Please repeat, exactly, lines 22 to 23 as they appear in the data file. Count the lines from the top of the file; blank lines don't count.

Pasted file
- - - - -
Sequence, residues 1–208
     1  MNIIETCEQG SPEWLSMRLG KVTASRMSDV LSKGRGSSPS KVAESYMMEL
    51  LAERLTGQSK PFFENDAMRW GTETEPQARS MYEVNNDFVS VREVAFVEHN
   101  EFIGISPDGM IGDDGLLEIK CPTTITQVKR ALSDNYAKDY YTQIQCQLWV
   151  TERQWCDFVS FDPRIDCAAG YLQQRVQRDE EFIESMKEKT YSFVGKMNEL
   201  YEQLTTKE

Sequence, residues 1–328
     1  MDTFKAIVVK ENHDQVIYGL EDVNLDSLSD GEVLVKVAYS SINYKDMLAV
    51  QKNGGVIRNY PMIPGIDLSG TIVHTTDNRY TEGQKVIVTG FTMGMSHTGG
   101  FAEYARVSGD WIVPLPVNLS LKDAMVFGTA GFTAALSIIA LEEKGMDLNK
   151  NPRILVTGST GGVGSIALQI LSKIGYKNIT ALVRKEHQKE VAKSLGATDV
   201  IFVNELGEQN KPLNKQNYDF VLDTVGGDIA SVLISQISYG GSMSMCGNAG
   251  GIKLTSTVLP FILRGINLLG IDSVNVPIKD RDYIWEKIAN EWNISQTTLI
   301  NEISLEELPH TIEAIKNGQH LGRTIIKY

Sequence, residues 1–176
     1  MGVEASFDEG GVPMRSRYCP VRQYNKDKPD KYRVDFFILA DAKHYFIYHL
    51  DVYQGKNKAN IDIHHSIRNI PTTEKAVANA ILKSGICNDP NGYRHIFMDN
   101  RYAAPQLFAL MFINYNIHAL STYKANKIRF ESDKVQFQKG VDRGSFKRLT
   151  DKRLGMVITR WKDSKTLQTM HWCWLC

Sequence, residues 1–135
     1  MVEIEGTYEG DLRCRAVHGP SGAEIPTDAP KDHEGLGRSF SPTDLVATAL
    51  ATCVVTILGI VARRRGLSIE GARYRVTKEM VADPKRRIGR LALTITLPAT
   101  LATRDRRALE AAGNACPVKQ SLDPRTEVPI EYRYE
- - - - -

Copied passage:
    51  ATCVVTILGI VARRRGLSIE GARYRVTKEM VADPKRRIGR LALTITLPAT
   101  LATRDRRALE AAGNACPVKQ SLDPRTEVPI EYRYE